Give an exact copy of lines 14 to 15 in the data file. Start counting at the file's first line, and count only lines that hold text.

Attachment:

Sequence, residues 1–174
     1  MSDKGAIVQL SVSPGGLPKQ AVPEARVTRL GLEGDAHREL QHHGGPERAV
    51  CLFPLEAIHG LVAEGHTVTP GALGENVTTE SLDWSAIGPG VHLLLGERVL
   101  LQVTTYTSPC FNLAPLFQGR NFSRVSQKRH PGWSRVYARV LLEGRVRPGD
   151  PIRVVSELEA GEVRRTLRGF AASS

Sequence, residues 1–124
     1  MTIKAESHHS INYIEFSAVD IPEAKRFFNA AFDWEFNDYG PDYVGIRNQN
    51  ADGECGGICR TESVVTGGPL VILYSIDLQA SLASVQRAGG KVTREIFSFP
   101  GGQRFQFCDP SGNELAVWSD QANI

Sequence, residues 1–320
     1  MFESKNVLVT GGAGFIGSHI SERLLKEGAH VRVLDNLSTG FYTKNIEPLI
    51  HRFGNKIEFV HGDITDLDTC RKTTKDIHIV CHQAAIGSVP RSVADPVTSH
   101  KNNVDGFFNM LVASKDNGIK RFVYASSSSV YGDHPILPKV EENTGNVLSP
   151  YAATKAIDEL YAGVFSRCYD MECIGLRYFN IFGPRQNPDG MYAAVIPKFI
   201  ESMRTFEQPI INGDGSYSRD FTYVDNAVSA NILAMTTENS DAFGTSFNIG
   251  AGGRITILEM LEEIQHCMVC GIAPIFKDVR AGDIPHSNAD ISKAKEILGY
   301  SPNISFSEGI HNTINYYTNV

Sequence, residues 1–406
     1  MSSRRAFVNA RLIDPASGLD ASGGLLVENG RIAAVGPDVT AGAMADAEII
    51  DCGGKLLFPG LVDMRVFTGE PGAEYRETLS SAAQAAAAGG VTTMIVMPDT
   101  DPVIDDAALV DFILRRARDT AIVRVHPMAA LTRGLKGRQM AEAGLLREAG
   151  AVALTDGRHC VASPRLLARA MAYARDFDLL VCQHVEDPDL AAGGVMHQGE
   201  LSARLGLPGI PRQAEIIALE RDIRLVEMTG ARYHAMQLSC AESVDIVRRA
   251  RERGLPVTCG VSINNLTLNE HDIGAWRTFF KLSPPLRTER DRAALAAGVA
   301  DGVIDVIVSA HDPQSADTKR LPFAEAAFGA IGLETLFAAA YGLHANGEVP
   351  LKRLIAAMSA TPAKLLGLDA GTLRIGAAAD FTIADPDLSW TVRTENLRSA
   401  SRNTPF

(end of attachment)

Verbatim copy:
   151  YAATKAIDEL YAGVFSRCYD MECIGLRYFN IFGPRQNPDG MYAAVIPKFI
   201  ESMRTFEQPI INGDGSYSRD FTYVDNAVSA NILAMTTENS DAFGTSFNIG